The latest in my collection of interesting CXRs.
Both of these lines were NOT placed by me.
This IJ was placed low with a lateral approach.
...and this was an IJ that looped into the right subclavian vein:
We were flying to SoCal for my step- brother's wedding. We were late and had to run through the entire terminal. Devin stops 100 feet short of the gate and grabs his crotch: "I have to go potty!" he screams at the top of his lungs. I looked at my watch. The flight was scheduled for 6:20. It was 6:18. I yelled across the terminal: "Run, Devin, Run! You can go potty on the plane!" People began to stare. Devin didn't budge. In the end, we made it. Southwest rocks! they waited for us!
I'm finishing up here in SoCal, and Lara moved into our new place in Oregon.
The truck took a while to get there, and Devin and Lara had to spend a night on the floor.
Our new place has a beautiful back yard with a creek that backs up to forest.
Devin was so excited when his toys came!
We went for a walk in downtown SLO - we raced leaves down the creek and fed bread to the ducks. Devin saw some girls using sidewalk chalk, and just walked up and started talking to them. He charmed 'em, and next thing you know, they're all painting a birthday cake!
A common mistake - the ETT was 24cm at the lip. I heard diminished breath sounds on the left, we pulled it back and taped it. After the CXR came back, we rechecked - it was 28cm at the lip. No wonder the vent was alarming high pressures.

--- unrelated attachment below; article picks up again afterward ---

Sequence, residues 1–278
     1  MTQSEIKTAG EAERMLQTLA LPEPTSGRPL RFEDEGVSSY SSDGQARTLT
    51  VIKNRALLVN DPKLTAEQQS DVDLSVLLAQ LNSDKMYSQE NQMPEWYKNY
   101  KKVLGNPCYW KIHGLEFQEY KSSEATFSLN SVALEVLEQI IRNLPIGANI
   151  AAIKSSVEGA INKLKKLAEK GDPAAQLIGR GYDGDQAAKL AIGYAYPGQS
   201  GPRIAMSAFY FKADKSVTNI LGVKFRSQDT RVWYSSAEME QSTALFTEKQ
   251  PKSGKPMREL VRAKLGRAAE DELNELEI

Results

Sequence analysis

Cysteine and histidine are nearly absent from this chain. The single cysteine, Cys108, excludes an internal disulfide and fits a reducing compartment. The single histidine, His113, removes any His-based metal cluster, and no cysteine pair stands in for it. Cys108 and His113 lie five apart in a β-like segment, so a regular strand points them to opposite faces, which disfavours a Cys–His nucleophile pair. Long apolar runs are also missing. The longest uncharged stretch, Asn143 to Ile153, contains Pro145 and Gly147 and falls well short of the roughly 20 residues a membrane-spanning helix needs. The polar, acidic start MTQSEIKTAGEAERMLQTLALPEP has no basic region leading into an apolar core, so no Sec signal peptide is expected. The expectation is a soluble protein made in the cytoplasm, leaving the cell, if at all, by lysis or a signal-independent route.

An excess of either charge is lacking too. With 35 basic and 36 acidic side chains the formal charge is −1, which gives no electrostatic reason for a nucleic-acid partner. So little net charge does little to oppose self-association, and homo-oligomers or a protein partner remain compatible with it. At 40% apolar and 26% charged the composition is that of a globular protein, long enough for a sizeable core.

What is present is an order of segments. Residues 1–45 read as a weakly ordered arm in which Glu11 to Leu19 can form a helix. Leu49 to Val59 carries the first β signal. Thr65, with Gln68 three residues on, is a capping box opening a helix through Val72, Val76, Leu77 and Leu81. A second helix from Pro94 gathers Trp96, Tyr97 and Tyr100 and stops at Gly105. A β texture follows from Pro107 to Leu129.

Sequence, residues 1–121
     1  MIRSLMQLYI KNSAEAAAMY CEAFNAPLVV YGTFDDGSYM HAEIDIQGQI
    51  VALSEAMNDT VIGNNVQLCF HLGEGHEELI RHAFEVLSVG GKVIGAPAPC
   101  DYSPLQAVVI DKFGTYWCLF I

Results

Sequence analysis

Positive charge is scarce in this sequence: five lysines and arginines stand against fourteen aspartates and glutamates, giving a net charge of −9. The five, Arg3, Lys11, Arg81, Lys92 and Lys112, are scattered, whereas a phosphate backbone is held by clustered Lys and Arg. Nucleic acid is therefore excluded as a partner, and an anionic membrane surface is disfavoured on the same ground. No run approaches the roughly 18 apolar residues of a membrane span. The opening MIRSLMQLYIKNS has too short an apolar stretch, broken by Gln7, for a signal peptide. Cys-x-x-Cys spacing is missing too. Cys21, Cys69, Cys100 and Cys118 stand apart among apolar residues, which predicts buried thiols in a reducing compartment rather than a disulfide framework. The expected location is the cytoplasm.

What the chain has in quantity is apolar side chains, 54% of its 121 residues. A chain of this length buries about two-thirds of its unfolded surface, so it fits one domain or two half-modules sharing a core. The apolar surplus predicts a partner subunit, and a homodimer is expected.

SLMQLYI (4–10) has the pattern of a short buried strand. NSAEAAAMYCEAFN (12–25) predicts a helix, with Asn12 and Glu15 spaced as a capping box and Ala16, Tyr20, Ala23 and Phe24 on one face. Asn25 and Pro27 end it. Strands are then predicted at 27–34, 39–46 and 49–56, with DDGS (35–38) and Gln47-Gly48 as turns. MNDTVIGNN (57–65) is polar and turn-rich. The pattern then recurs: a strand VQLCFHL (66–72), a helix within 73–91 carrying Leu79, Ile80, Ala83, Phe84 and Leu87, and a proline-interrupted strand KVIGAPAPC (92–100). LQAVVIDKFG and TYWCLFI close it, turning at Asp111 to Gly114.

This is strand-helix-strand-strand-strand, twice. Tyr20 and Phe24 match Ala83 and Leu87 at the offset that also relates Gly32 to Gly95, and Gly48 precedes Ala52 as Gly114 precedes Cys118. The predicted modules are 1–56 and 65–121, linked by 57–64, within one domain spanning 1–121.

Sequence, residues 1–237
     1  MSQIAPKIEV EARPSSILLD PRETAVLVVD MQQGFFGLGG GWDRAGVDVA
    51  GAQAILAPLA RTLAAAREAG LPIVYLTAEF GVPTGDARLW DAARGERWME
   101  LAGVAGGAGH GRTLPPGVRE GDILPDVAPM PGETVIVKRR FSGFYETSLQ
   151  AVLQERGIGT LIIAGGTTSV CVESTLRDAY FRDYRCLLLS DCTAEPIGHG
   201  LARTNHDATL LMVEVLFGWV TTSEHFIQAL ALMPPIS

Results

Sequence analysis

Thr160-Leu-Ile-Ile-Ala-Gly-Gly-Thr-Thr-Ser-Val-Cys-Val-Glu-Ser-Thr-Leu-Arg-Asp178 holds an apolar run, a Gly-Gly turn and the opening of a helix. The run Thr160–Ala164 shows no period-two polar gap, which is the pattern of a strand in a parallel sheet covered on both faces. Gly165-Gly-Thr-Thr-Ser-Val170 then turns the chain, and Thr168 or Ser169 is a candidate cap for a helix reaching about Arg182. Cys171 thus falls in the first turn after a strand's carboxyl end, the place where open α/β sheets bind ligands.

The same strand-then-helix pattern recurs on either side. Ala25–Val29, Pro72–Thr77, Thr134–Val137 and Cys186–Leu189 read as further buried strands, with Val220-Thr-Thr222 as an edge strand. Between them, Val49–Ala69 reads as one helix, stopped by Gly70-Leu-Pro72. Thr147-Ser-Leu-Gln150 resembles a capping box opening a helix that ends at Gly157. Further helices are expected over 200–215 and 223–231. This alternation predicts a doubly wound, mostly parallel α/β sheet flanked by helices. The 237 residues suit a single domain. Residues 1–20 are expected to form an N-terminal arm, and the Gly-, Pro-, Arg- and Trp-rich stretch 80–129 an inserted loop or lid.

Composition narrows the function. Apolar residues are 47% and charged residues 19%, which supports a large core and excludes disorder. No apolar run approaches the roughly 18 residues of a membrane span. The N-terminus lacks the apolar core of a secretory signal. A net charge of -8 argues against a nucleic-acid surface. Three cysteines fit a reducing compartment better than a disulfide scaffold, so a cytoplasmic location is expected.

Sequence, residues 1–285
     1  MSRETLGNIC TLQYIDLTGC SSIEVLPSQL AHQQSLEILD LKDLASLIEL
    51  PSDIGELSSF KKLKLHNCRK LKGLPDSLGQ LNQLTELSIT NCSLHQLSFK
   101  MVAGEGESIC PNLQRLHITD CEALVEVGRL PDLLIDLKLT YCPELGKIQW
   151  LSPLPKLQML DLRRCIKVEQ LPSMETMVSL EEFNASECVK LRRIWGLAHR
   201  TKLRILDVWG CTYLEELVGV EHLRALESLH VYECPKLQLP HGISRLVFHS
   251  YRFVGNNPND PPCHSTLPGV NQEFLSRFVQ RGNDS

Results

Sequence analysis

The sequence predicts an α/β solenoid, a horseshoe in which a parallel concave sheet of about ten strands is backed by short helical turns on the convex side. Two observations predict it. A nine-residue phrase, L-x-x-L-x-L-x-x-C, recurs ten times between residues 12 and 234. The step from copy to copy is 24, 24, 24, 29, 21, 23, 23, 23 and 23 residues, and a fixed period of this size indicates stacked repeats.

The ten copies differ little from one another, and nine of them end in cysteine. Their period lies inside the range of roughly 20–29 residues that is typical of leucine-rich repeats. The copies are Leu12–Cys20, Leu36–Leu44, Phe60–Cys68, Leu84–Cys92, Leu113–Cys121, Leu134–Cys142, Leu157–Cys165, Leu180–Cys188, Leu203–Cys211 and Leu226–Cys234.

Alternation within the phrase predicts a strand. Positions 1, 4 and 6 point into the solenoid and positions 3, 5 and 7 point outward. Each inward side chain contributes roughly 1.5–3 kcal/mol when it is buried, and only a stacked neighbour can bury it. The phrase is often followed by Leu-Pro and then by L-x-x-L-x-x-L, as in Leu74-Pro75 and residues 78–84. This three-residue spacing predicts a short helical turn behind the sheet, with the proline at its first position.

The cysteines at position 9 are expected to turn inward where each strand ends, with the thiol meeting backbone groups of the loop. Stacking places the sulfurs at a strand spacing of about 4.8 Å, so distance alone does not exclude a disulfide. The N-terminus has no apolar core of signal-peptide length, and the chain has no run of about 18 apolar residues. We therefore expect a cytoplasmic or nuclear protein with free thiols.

As an intern, I've done a few IJ lines and a few femoral lines, but last night I did my first subclavian. My coworker put in a right IJ, and the patient got agitated and pulled it out. I put in the subclavian, and I knew something was wrong when I advanced the line over the guidewire. It just felt like it was directed too superiorly. I fully expected it to be up in the neck when I got the chest xray - a complication I had seen several times before. This is what I got:
The radiologist's report was: "Interval insertion of right central venous catheter with tip in the region of the left subclavian"
I inserted a guidewire and redirected it into the SVC with flouroscopic guidance - what a pain in the ass...
Here are a few mnemonics I picked up that helped me out...
HAD CLOTS: PERC Rule - Risk factors for PE
Leg Swelling - Unilateral
O2 Sat < 95%
Surgery/Trauma History - Recent
AMPLE: Important history items in trauma patients
Past Medical/Surgical History
Last Meal/Last Menstrual Period
PHAILS: Toxins that cannot be decontaminated with charcoal
DUMB BELSS: Cholinergic Toxidrome
ME DIE: Differentials for Osmolar Gap
Diuretics (Mannitol, Sorbitol)
MUDPILES: Differentials for Anion Gap Acidosis
Ethanol, Ethylene Glycol
Salicylates, Starvation, Solvents
AEIOU: Indications for dialysis
I STUMBLED: Toxins that can be removed by hemodialysis
AEIOU TIPS: Differentials for Altered Mental Status
Toxins, Trauma, Tumor
Stroke, Seizure, Shock
Now that I'm 40 inches, I can go on roller coasters! Today I went on Thunder Mountain, Gadget's Go Coaster, and Splash Mountain! When each one was done, I told Mommy and Daddy "AWESOME!"
I also got to meet Woody and Jessie, and I told Jessie "You're pretty". That made her blush!
I'm writing this post from my iPhone using the WordPress app. It's nice to be more connected. I'm also using a cool FTP picture uploader to send photos from the iPhone to my gallery. Look for more up-to-the-minute updates and photos from wherever I am!
Here's a photo of us at Disneyland yesterday. There's more in the gallery!